Walking line sings wire.
This one rushing to the hospital like a giraffe.
This one to put out the fire of embers older than the known universe.
This one constructed of levers and pulleys enabling you to pull the tramp steamer out of the river all by yourself.
This one to calculate the grains of sand it takes to fill the universe.
This one to ascend the towers of Syracuse and save Archimedes from his mistimed final words and the tip of the angry spear.
This one to arrogate the feather for the 12th century prayer supplanted by a monk recycling the pages by a scraping and a wash to be turned into a prayer book.
This one for the palimpsest of math under invocation.
This one for life’s jaws chewing the nib of Red Man tobacco plugged in a cheek on a distant river fishing with a distant friend, my grandfather.
This one to remove the manuscript from the library.
This one to call my mother the day the plane crashed into her office at the Pentagon.
This one to microfiche the New York Times article about The Method discovered by a Greek theologian.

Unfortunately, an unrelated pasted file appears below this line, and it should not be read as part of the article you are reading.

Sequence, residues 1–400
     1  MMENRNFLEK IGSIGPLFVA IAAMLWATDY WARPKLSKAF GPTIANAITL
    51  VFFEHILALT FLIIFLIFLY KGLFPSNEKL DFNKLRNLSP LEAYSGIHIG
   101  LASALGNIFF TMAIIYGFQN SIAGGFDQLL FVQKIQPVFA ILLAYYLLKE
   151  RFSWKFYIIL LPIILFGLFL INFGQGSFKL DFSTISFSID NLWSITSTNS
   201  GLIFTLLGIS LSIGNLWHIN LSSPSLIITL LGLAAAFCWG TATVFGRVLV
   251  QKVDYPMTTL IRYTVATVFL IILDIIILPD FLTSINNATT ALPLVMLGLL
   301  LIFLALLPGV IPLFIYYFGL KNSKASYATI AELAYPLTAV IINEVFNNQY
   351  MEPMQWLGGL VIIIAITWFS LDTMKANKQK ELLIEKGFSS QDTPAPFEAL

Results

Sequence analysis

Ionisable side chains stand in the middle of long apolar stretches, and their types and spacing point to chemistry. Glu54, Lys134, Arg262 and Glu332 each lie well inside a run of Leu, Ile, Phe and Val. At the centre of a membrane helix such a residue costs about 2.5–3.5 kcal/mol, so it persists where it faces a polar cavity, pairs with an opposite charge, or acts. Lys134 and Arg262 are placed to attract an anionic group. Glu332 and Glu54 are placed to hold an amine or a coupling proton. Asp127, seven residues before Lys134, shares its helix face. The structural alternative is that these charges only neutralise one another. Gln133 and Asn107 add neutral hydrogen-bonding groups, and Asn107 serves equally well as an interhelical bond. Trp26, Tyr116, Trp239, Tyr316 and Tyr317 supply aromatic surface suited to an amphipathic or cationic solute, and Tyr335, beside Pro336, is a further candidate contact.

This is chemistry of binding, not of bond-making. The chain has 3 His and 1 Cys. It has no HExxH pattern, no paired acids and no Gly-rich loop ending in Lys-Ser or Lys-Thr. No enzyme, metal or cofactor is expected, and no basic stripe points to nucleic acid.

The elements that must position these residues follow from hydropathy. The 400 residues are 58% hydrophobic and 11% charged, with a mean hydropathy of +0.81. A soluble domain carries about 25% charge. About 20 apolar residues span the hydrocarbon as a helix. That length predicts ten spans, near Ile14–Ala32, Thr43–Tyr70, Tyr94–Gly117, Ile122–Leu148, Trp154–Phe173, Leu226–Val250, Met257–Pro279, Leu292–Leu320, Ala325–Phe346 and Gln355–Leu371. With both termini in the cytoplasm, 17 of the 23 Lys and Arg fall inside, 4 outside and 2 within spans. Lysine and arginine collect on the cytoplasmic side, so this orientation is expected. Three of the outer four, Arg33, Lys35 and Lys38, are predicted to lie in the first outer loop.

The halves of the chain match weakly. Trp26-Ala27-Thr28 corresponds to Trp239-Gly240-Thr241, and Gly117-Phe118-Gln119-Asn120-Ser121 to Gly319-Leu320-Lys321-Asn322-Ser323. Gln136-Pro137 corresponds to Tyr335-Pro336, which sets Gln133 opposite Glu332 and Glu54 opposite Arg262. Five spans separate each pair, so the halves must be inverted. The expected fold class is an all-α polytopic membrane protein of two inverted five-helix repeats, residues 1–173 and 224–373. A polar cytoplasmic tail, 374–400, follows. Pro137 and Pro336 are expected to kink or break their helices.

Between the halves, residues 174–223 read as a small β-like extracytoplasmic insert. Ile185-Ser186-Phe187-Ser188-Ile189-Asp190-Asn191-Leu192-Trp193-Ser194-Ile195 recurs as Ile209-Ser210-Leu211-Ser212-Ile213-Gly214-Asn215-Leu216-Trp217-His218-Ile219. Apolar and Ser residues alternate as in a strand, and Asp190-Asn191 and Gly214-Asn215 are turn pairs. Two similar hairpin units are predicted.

This one for a pilot’s license.
This one for unbinding the Archimedes palimpsest and discovering the lines in the binding.
This one for words recurring in an eye for the first time.
This one for blueprints of buildings.
This one for diagrams of thinking.
This one for the missing lines on the page discussing the rules for dealing with infinity reappearing.
This one for what the television could have become.
This one to weigh the curved shape of bodies: sphere and cone equal in volume to cylinder.
This one for the man dressed in black rushing into an exploding room.
This one to carry a kidney to Tuscaloosa for a father of three as if a part of each of us has always belonged to other people.